Mary Queen of Scots marries Henry Stuart, Lord Darnley

On this day, 29 July 1565 a marriage took place at the Chapel Royal within the Palace of Holyrood House and it has been creating debate ever since.

The marriage was between twenty two year old Mary Queen of Scots and nineteen year old Henry Stuart, Lord Darnley. Both were Catholics and great grand children of Henry VII of England. They therefore had independent legitimate claims to the crown of England and what was more Queen Elizabeth I of England knew it.

Indeed earlier in the year Elizabeth had tried to put a stop to the wedding by ordering her subjects, Darnley and his father the Earl of Lennox back to England. Mary reacted with two week’s worth of violent emotion and both men pinned their colours to Mary’s mast and stayed in Scotland.

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Queen Elizabeth I

 

Mary was deeply in love with the well bread, tall, charming Darnley, and despite the numerous warnings that she should not marry him she decided to ‘abide such fortune as God will send me’. One example of his unsuitability as consort was the day before the wedding when his besotted finance had him proclaimed King of Scotland. In line with his childish character he proceeded to alienate everyone he came across by swaggering and boasting about it.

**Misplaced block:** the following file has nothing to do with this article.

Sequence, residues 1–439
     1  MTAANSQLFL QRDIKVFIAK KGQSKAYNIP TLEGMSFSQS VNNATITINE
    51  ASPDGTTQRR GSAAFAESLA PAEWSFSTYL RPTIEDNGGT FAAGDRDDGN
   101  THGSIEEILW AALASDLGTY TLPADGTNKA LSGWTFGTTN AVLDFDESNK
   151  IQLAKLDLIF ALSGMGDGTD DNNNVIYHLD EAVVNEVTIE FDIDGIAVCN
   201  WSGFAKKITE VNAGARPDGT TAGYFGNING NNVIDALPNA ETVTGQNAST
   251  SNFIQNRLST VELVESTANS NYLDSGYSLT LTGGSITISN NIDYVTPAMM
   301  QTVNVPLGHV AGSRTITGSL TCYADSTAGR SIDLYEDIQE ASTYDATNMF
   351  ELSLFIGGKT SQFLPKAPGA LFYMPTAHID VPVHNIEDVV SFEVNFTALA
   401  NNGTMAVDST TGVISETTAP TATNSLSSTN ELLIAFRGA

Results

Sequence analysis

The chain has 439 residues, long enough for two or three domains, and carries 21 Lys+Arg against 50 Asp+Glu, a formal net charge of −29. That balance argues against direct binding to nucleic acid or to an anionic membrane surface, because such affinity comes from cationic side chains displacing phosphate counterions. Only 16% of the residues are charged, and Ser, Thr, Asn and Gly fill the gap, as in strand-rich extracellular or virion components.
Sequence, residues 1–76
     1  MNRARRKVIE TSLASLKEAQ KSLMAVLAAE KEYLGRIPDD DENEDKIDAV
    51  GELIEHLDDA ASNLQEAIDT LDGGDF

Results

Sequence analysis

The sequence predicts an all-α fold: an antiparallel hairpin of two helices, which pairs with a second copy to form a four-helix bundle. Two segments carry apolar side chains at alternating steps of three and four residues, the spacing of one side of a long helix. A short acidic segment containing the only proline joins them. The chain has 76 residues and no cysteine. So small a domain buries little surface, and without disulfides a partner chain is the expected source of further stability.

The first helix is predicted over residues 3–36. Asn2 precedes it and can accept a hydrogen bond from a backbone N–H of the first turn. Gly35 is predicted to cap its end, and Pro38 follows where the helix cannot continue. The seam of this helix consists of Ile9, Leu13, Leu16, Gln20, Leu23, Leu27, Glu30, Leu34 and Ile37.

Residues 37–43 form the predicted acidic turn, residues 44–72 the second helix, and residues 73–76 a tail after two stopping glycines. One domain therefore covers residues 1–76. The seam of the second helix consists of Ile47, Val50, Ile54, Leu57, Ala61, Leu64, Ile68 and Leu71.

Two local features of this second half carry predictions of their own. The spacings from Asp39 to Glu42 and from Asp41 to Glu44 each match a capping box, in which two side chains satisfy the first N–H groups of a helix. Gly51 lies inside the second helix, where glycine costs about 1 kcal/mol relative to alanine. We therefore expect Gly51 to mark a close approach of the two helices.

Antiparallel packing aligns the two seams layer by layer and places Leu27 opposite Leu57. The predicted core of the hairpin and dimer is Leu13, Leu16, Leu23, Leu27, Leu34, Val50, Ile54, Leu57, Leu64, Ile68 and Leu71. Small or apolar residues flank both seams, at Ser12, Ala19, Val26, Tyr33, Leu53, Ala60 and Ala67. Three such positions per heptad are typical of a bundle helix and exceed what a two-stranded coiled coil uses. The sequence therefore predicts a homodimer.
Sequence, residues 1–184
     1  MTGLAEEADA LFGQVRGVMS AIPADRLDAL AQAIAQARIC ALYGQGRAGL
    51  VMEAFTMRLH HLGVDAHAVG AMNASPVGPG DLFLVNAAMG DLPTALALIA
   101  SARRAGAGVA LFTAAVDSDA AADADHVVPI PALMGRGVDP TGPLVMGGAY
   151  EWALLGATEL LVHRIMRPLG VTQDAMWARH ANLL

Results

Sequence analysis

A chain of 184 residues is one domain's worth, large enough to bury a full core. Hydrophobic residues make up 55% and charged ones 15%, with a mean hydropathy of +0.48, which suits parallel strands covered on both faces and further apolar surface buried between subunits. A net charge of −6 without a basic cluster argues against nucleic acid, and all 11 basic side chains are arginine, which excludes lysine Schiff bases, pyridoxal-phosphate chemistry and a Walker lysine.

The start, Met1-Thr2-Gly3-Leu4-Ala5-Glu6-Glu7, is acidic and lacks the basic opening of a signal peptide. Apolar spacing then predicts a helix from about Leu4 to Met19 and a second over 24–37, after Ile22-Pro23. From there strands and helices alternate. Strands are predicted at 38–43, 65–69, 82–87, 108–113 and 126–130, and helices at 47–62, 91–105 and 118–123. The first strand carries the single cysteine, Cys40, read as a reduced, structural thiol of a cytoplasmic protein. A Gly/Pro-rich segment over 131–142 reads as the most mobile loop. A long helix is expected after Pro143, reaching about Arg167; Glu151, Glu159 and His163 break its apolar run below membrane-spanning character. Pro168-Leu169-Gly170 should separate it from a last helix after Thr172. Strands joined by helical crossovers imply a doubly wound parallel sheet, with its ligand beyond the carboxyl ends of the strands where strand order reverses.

The ceremony took place at 6am in the morning, with the bride dressed in her widow’s black and the bridegroom adorned from head to toe in jewel encrusted garments. The service was followed by a nuptial mass in which the bridegroom conspicuously failed to participate, citing that he didn’t want people accusing him of favouring idolatry. A strange behaviour for a man purporting to be a dutiful Catholic.

 

The young couple was keen to make a big show of the fact they were not propelled to marry in order to satisfy any base desires of the flesh and so they only retired to bed at the end of the evening banquet.

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John Knox

Over the next few days the court was filled, much to the annoyance of the stanchly Protestant preacher John Knox’s with revelry, feasting, dancing and thanks giving for the country’s new King and Queen. There followed a three-day honeymoon and on their return Mary faced the difficult task of convincing her already unruly nobles, that her husband and their new overlord possessed the abilities necessary to govern

 

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